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The intergenerational transmission of educational attainment in East and West Germany


  • Riphahn, Regina T.
  • Trübswetter, Parvati

    () (Institut für Arbeitsmarkt- und Berufsforschung (IAB), Nürnberg [Institute for Employment Research, Nuremberg, Germany])


"Socialist societies often emphasized the abolition of traditional social classes. To achieve this objective, educational opportunities were at times 'actively managed' and allocated to children of less educated parents. What happened to these patterns after the demise of socialist rule in Eastern Europe? We study the development of educational mobility after the fall of the iron curtain in East Germany and compare the relevance of parental educational background for secondary schooling outcomes in East and West Germany. Based on data from the German Mikrozensus we find that educational mobility is lower in East than in West Germany and that it has been falling in East Germany after unification. While the educational advantage of girls declined over time, having many siblings presents a more substantial disadvantage in East than in West Germany." (Author's abstract, IAB-Doku) ((en))

Suggested Citation

  • Riphahn, Regina T. & Trübswetter, Parvati, 2011. "The intergenerational transmission of educational attainment in East and West Germany," IAB Discussion Paper 201104, Institut für Arbeitsmarkt- und Berufsforschung (IAB), Nürnberg [Institute for Employment Research, Nuremberg, Germany].
  • Handle: RePEc:iab:iabdpa:201104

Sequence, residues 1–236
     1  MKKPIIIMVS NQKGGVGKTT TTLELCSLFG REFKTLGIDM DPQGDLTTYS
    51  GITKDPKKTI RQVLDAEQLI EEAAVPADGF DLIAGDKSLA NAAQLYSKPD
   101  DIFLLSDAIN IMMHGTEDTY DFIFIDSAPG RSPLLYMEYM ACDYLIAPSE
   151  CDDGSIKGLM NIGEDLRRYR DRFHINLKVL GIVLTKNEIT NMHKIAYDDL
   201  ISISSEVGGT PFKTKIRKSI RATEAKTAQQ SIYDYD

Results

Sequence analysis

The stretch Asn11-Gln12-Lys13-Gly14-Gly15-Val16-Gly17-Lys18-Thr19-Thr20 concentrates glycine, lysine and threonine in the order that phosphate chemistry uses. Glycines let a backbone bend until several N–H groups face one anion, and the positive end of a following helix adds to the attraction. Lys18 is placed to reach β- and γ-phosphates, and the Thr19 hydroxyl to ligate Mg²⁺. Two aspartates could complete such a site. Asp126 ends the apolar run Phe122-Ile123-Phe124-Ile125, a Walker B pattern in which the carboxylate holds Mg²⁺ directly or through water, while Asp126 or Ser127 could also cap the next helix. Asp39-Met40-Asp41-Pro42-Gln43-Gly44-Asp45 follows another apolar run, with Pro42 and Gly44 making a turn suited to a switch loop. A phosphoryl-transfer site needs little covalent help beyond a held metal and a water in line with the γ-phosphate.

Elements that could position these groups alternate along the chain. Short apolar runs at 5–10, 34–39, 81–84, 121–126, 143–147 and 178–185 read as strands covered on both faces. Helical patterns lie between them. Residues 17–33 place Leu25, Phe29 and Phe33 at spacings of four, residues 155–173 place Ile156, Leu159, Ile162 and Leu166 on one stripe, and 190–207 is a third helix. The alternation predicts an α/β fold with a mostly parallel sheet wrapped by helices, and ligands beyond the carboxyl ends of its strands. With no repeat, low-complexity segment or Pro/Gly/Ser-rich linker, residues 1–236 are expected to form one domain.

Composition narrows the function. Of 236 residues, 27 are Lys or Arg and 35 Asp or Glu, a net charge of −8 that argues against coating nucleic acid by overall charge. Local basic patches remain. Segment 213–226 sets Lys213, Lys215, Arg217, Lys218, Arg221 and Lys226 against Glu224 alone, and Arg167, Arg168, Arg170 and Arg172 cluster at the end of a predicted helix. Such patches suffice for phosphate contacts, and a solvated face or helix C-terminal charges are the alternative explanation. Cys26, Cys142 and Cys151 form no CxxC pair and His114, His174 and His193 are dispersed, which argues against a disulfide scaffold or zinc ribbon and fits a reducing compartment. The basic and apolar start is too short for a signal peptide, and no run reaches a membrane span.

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    References listed on IDEAS

    1. Kenneth A. Couch & Thomas A. Dunn, 1997. "Intergenerational Correlations in Labor Market Status: A Comparison of the United States and Germany," Journal of Human Resources, University of Wisconsin Press, vol. 32(1), pages 210-232.
    2. Erik Plug & Wim Vijverberg, 2003. "Schooling, Family Background, and Adoption: Is It Nature or Is It Nurture?," Journal of Political Economy, University of Chicago Press, vol. 111(3), pages 611-641, June.
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    4. Philipp Bauer & Regina Riphahn, 2007. "Heterogeneity in the intergenerational transmission of educational attainment: evidence from Switzerland on natives and second-generation immigrants," Journal of Population Economics, Springer;European Society for Population Economics, vol. 20(1), pages 121-148, February.
    5. Heineck Guido & Riphahn Regina T., 2009. "Intergenerational Transmission of Educational Attainment in Germany – The Last Five Decades," Journal of Economics and Statistics (Jahrbuecher fuer Nationaloekonomie und Statistik), De Gruyter, vol. 229(1), pages 36-60, February.
    6. Bauer, Philipp & Riphahn, Regina T., 2006. "Timing of school tracking as a determinant of intergenerational transmission of education," Economics Letters, Elsevier, vol. 91(1), pages 90-97, April.
    7. Christian Dustmann, 2004. "Parental background, secondary school track choice, and wages," Oxford Economic Papers, Oxford University Press, vol. 56(2), pages 209-230, April.
    8. Sandra E. Black & Paul J. Devereux & Kjell G. Salvanes, 2005. "Why the Apple Doesn't Fall Far: Understanding Intergenerational Transmission of Human Capital," American Economic Review, American Economic Association, vol. 95(1), pages 437-449, March.